My Son the Top-Secret Apple iPad Project

BlogHer Original Post

 

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I didn't know Leo, my son with autism, would be appearing on the screen behind Steve Jobs at yesterday's Apple iPad special event in San Francisco, not until I saw a screenshot of Leo on Engadget's event liveblog, followed by blogger Joshua Toplosky's remark, "Man this is actually really emotional ... Damn you Apple for making everyone here cry about the iPad."

Then I squealed, disrupting my work conference call. Finally, the top secret project I'd been keeping quiet about for weeks was revealed!

I knew that Leo and I, his sisters, my husband Craig, and our dear friend Jen might be appearing in something filmed and iPad-related in the near future. One month before, a crew of twenty wonderful, thoroughly professional people turned our house into a film set. They spent the day filming our family talking about or showing the iPad's roles in our lives. My tween Iz got to meet a professional makeup artist, and pick her brain for hours. My six-year-old, Mali, had an unlimited supply of potential playmates/victims. It was both fun and fascinating, seeing an experienced film crew in action.

 

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But none of the crew could tell us what the project was for, or when it would launch -- in fact were were asked to keep quiet until the project went public. It was weird, but not unprecedented for the company in question. I didn't mind, as I figured that whatever the project was, it could only more loudly and widely broadcast the iPad's huge positive effects for kids with autism, kids like Leo. (My savvy husband privately predicted exactly what happened -- that Leo would be in a video for a top-level Apple keynote event.)

 

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It was amusing, keeping mum about the obviously significant event happening at our house -- neighbors kept asking what was happening (possibly worried that we were blighting the street with an ongoing reality show), and one lady even asked if the huge catering spreads and tables at the top of our driveway were so locals could buy food. Poor Leo, his eyes almost popped from their sockets when he discovered the afternoon catering treat table, laden as it was with oversized cookies and candy. I had to ask the catering crew to make it all disappear, otherwise Leo would have spun into a shoot-disrupting sweets-craving tantrum, and most of the shots of him that appeared in the video would not have happened.

 

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The shoot was decidedly Leo-centric. As you may know, and as I've written before in this space, Leo's iPad is an unprecedented positive force in his life. It helps him learn in ways we've never thought possible. We find new apps, new ways to keep him engaged, excited, and interested, every day. The crew knew all about Leo; he was the main reason they were there, and I think they did a lovely job of capturing our boy's iPad enthusiasm and facility.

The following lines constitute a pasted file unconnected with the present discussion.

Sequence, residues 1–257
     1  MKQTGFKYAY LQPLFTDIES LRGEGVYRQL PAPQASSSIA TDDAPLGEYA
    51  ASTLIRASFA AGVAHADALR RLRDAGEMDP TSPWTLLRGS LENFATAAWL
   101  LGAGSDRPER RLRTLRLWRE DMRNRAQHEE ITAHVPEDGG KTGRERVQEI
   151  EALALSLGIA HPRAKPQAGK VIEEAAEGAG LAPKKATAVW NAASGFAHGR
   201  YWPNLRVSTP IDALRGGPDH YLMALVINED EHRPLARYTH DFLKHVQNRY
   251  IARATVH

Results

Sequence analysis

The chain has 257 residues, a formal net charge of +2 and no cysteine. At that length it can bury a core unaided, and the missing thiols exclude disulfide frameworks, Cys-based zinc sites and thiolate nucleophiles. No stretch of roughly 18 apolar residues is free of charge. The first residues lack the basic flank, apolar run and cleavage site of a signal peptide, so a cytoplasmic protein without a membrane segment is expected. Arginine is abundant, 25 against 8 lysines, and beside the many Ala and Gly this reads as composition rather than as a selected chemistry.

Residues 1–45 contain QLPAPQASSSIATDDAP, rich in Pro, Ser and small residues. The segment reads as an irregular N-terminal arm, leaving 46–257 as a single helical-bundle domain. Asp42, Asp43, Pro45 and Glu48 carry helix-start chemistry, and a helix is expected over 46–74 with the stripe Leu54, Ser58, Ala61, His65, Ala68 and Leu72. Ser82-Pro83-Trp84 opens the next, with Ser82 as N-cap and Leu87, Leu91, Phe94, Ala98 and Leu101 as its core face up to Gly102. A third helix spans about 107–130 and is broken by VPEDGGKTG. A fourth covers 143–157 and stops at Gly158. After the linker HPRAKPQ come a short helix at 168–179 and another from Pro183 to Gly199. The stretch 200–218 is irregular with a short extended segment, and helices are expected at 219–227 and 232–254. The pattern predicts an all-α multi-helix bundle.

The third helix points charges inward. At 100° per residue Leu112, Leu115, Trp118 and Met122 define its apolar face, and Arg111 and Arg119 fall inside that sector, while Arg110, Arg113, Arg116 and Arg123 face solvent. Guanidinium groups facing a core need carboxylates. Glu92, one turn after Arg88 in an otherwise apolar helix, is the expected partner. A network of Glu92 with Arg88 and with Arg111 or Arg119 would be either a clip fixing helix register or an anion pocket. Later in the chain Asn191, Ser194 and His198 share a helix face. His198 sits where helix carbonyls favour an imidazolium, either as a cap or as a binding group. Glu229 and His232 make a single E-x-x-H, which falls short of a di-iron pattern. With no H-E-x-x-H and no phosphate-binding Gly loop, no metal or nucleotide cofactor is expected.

You can see Leo rocking his iPad and me describing our boy's leaps in independent play and learning in the film crew's final product: a beautifully shot-and-edited video short titled iPad: Year One. (There's a quick bit of Iz playing her piano at 1:20; Leo and I are at 4:40.)

 

Leo's is not the only iPad advocating autism section of the video. Dr. Howard Shane, from Children's Hospital Boston's Center for Communication Enhancement, was also featured in a segment showing groups of children with autism using iPads in clinical and therapeutic settings. Dr. Shane said,

"Assisting children with autism to communicate is a rather complicated process. The iPad is absolutely part of our clinical practice here ... We're not curing Autism, but we're offering a tool that improves the potential of a person with autism: gives them more opportunities to be better communicators, to be better understanders, to be better learners. The iPad is clearly the next step, it's a game changer."*

Oh, and the iPad event included one small agenda item besides iPads and autism: The new iPad2, which will ship March 11. BlogHer's own Virginia DeBolt covered the iPad2's new features, include front-and-back-facing cameras (instant icon-making!), integrated instruments (our musical Leo is going to jump right out of his skin with glee), and a better PhotoBooth (I hope so, Leo loves making faces at the camera).

We'll be getting an iPad2, I guarantee you that. Not just because of the shiny gadgety goodness, but because it will encourage Leo to take his independence to even higher levels.

What do you think? Are you going to get an iPad2?

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Shannon Des Roches Rosa has worked Leo's and his iPad into essays on ThinkingAutismGuide.com, BlogHer.com, and Squidalicious.com. She hopes that current iPad owners who crave iPad2s will consider donating their old devices to a child, adult, or school in need.

*My thanks to Kevin Marks for the transcription.

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